Bile burned the back of her throat. She clutched onto the table as a flash of cold assaulted her. Instead of fear, raw anger burned through her. She walked the few steps to the living room and stepped into the entryway.

“Lilly? What is it?” Braden murmured low enough for only her to hear.

Wordlessly she handed him the card then scanned the people in the living room. There were about thirty somber looking people scattered about, all dressed in black. Lilly’s gaze landed on Alma. When the older woman saw her, Lilly waved her over. She didn’t want to make a scene, but she wasn’t going to play the victim.

“Do you know where these flowers came from?”

Alma smoothed a hand over her black dress as her eyebrows furrowed. “I think they came from Delaney’s Flowers and Gifts…Yes, they did because I remember the delivery man’s hat.”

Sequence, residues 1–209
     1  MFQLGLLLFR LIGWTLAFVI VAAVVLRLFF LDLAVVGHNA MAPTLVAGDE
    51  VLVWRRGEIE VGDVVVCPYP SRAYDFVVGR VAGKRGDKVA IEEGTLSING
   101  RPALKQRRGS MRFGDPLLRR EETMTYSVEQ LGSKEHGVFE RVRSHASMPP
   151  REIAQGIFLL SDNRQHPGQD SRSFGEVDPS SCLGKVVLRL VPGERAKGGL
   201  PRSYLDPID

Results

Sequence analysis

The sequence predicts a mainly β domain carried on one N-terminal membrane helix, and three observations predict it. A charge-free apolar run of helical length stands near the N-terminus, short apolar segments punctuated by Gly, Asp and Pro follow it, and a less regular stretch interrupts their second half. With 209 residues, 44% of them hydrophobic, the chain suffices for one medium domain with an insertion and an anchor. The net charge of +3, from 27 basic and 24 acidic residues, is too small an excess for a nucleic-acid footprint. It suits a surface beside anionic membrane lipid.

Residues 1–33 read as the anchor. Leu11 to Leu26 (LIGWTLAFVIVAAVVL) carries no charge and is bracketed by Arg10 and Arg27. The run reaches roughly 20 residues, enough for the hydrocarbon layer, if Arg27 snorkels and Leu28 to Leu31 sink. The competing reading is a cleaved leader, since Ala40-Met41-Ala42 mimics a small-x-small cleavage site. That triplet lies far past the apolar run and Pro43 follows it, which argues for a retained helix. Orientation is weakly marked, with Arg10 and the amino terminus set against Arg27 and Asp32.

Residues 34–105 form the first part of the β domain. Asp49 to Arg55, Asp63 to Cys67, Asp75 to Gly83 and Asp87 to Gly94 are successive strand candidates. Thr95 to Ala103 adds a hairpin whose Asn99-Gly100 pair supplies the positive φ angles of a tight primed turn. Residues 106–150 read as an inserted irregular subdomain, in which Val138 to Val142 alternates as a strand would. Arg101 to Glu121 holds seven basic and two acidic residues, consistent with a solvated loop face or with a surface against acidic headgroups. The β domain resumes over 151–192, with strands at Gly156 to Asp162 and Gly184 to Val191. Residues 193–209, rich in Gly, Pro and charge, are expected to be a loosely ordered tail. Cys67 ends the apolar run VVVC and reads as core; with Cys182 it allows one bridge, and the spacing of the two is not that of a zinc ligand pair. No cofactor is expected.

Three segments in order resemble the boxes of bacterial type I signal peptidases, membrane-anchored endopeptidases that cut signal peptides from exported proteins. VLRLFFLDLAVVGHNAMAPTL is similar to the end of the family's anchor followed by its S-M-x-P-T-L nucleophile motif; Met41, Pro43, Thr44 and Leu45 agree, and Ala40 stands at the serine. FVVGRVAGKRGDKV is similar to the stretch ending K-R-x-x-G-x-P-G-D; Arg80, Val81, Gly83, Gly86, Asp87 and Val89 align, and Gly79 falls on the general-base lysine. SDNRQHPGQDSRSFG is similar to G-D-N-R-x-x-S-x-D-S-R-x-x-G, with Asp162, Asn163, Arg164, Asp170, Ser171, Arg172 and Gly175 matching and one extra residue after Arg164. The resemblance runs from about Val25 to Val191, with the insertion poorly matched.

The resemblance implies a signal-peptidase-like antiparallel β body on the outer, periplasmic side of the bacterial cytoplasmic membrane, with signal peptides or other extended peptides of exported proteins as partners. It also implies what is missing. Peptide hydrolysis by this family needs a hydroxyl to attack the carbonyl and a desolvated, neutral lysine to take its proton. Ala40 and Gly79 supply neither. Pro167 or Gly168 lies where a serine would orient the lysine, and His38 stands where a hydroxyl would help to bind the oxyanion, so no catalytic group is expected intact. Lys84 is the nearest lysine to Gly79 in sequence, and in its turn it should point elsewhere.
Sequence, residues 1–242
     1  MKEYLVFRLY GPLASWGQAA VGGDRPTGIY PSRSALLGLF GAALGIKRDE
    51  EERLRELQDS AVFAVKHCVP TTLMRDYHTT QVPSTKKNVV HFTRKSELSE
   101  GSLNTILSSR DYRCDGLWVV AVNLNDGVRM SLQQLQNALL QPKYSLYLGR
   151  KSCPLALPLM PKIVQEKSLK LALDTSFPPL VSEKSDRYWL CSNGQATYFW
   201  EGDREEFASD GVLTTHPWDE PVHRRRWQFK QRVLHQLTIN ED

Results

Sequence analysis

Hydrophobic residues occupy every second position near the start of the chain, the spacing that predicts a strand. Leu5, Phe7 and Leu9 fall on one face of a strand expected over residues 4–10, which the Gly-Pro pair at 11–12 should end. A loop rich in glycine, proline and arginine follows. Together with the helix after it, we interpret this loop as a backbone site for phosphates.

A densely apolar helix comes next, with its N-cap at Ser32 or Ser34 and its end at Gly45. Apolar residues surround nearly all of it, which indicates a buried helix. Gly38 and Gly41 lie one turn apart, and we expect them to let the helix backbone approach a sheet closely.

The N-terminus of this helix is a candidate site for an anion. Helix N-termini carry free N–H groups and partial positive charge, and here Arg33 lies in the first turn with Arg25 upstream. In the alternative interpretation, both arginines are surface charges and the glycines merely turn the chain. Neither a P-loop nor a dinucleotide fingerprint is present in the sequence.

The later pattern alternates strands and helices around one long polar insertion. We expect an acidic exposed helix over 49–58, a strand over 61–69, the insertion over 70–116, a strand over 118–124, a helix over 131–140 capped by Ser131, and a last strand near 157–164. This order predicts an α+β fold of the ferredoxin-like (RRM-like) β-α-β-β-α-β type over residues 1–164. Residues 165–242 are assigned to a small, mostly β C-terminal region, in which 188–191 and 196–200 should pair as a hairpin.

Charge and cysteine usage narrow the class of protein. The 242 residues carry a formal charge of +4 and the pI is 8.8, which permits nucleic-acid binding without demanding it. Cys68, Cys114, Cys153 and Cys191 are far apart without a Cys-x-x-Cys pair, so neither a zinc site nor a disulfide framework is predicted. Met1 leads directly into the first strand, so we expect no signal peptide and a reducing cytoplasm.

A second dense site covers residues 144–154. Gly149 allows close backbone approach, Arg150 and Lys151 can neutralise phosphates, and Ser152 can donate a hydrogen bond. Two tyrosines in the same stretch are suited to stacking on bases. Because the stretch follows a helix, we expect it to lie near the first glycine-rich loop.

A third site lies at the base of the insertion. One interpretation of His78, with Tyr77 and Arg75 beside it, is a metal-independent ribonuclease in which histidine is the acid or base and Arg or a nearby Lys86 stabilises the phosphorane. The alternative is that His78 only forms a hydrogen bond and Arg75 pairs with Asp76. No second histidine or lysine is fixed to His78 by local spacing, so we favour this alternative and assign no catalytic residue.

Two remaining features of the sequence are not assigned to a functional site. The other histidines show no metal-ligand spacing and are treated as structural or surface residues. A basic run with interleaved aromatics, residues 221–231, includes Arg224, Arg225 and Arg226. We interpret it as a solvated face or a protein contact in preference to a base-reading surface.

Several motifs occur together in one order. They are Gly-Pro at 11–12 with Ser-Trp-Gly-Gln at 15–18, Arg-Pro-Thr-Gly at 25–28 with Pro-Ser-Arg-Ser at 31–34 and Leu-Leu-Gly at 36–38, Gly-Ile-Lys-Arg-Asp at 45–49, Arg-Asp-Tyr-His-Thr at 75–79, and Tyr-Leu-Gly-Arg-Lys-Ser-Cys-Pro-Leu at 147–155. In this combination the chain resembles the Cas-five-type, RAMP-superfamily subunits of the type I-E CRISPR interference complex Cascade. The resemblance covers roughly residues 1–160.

“Thanks. Will you tell the reverend I’ll be in there in a second? I need a minute.”

“Of course. Take your time.”

Lilly waited until Alma had disappeared into the other room before turning to Braden. People normally ordered flowers online and that meant they had to pay with a credit card.

“He probably used a credit card unless he ordered them in person,” Braden said, practically reading her mind. He pulled out his phone and punched in a number. Lilly’s heart raced as she waited for Braden.

“Hey, is Perry or Vanessa there yet?…Fine, I need you to follow up on something.” He placed a hand over the receiver and spoke to her. “What kind of flowers were they?”

“Peruvian lilies. A huge bouquet like that would cost close to a hundred dollars.”

“Go down to Delaney’s Florist and find out who sent the Peruvian lilies to Debra Carmichael’s wake…I don’t care if she’s your ex-girlfriend…Damn it, find out who bought those flowers and find out if they paid in cash or with a credit card.”